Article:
Behavioural dysfunction tests revealed that there were no discernable improvements in function following ICV injection, compared to the sham-injected intraparenchymal hosts. In contrast, intraparenchymal transplants resulted in a gradual improvement in sensorimotor function from 4 to 10 weeks following injection, but with no further improvements after this time. These animals also showed a significant improvement in motor coordination at 12 weeks although no improvement in learning and memory could be detected. The authors observed that animals displaying damage confined to the striatum only showed greater overall functional recovery (83% improvement) than those with both striatal and cortical damage (48%). Consistent with functional recovery results, post-mortem histological analysis revealed that ICV grafts had not survived transplantation whereas intraparenchymal grafts did, with an almost seven-fold increase in the number of grafted cells in animals with striatal plus cortical damage, compared to those with striatal damage alone. Interestingly, while behavioural function tests indicated greater improvements in animals with confined striatal damage, implanted cells gave rise to FOX3-positive cortical neurons (2%) only in animals showing striatal plus cortical damage, while a further 20% gave rise to astrocytes. In cases where damage was confined to the striatum, grafted cells gave rise to astrocytes only, with increased astrocytic production associated with a reduction in spared striatal volume following MCAo. Collagen IV expression in the basement membrane of blood vessels is an indicative marker of blood vessel integrity and is significantly reduced in the peri-infarct region following stroke. Further to its positive effect on functional recovery, intraparenchymal injection of hNSCs replenished Collagen IV back to control levels, indicating that the neurovascular niche is an important contributor to post-stroke recovery. Changes in the thickness of the subependymal zone (SEZ), a region of adult neurogenesis, were also observed which were related to lesion volume and correlated with functional test outcome, but the authors were unable to establish a direct causal effect of the SEZ on stroke outcome or functional recovery.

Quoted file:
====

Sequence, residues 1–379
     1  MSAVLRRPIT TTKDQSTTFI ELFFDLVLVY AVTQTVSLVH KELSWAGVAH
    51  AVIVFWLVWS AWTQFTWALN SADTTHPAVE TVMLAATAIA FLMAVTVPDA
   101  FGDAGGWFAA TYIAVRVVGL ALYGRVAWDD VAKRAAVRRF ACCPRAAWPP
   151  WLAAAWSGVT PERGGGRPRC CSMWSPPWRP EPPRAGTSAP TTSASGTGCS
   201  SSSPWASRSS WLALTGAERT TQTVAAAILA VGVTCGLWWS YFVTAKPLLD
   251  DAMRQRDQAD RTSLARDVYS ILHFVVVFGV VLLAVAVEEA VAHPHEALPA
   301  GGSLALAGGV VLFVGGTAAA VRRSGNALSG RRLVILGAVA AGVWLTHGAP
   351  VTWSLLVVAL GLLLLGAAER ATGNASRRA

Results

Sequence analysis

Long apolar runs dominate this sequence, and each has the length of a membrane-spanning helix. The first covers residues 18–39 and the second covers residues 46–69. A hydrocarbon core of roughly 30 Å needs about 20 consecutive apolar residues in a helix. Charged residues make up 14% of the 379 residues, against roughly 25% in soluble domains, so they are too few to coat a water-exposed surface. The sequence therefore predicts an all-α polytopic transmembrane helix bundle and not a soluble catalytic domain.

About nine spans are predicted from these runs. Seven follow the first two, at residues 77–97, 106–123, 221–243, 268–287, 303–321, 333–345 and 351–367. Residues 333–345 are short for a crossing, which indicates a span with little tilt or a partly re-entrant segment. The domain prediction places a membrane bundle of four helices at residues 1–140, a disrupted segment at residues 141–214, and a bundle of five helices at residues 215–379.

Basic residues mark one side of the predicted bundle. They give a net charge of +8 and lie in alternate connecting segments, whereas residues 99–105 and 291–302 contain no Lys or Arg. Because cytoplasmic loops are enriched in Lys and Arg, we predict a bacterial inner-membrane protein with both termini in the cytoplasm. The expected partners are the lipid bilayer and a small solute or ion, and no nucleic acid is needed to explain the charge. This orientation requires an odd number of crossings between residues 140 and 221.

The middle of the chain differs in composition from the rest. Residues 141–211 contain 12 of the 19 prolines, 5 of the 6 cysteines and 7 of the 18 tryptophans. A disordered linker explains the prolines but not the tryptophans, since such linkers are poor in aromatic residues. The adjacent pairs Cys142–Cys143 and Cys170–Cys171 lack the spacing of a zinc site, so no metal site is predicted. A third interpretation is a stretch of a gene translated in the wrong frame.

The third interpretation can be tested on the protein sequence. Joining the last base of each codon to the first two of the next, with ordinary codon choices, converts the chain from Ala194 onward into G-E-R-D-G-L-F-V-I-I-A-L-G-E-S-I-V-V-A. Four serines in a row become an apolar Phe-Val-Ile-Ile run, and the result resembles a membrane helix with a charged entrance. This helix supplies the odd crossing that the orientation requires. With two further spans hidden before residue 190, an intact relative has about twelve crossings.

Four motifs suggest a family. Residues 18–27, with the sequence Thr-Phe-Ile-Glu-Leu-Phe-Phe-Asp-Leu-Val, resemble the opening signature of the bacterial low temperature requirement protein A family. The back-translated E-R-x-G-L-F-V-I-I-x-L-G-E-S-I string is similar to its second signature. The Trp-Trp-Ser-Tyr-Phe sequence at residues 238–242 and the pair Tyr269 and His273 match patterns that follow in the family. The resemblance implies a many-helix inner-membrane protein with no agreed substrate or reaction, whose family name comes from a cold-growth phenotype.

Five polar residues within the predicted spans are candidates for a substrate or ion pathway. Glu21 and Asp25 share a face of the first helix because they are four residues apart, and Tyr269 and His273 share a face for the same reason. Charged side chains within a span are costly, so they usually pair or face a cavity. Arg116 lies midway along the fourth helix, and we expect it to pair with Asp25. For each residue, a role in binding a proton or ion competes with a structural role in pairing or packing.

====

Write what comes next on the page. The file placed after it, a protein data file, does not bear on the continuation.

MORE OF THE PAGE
This work highlights the importance of implantation site and lesion topology on functional outcome following stroke, and that cell-based therapy in this instance was most efficacious in striatal-only lesions. It is interesting that only intraparenchymal transplants were able to significantly improve outcome, although the authors note that transplanting a greater number of cells into animals showing greater lesion volumes may enhance outcome in these subjects. Further, if multiple areas are affected then this might require additional site-specific injections into damaged areas in order to counteract this deficit. It is likely that a smaller, more restricted area of damage may be easier to treat than larger multiple areas of damage. In contrast to what one might expect, astrocytic differentiation of grafted cells was positively associated with functional outcome, which the authors suggest may be due to the activity of their secreted factors on neural plasticity as well as ECM production and vascular recovery. Thus it seems that neuronal replacement may not be absolutely necessary for enhanced functional recovery following stroke, although the translation of this effect in human would have to be confirmed, as well as whether the sensorimotor improvements observed in the rat model used herein would be sufficient to elicit improvements in a more complex system and, if so, how much and for how long?

 

References

1. The Stroke Association: Facts and Figures about Stroke.

2. Roger VL et al. (2011) Heart Disease and Stroke Statistics—2011 Update: A report from the American Heart Association. Circulation. 123:e18–e209.

3. Feigin VL et al. (2009) Worldwide stroke incidence and early case fatality reported in 56 population-based studies: a systematic review. The Lancet Neurology 8(4):355–369.

4. Gopurappilly R et al. (2011) Stem cells in stroke repair: current success & future prospects. CNS Neurol Disord Drug Targets. 10(6):741-56.

5. Borlongan CV et al. (2010) Menstrual blood cells display stem cell-like phenotypic markers and exert neuroprotection following transplantation in experimental stroke. Stem Cells Dev. 19(4):439-52.

6. Wei L et al.  (2005) Transplantation of embryonic stem cells overexpressing Bcl-2 promotes functional recovery after transient cerebral ischemia. Neurobiol Dis. 19(1-2):183-93.

7. Smith EJ et al. (2012) Implantation site and lesion topology determine efficacy of a human neural stem cell line in a rat model of chronic stroke. Stem Cells 30(4):785-96.